A pretty stunning passage from philosopher Charles Taylor’s A Secular Age describing the 19th century slide that Christianity took into moralism, and how the natural endpoint of that slide is unbelief, ht KW:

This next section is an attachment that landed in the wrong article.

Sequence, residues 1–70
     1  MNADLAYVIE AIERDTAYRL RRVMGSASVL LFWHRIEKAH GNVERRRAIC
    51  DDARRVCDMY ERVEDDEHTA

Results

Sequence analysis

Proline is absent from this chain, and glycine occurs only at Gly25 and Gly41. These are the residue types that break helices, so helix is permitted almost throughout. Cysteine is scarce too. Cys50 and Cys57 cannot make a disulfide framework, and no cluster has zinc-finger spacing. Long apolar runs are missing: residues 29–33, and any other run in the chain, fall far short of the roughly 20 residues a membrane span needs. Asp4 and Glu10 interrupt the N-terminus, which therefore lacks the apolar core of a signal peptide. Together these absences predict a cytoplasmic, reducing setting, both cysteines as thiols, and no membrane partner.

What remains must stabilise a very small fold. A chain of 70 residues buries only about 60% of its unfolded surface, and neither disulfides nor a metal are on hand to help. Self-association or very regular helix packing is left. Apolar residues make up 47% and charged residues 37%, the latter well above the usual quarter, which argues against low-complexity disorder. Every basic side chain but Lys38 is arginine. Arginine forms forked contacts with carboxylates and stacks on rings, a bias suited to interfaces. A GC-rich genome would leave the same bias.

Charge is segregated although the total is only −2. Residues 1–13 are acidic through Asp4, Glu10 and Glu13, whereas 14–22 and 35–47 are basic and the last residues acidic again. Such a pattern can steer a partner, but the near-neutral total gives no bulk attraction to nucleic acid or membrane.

Perhaps the most important for our purposes was the protest against a narrowing of the ends of life to a code of conduct: This ethic of discipline, in both believing and unbelieving variants, was a moralism. It put discipline, self-control, the achieving of a high moral standard as the supreme goal. This tended to be true even of the Evangelical modes, which had after all started in the previous century as a reaction against narrow moralism, for instance in the emotionally liberating preaching of Wesley. Like all moralisms, it could come to seem too thin, too dry, concerned so exclusively with behaviour, discipline, control, that it left no space for some great elan or purpose which would transform our lives and take us out of the narrow focus on control. The obsession with getting myself to act right seems to leave no place for some overwhelmingly important goal or fulfillment, which is the one which gives point to my existence.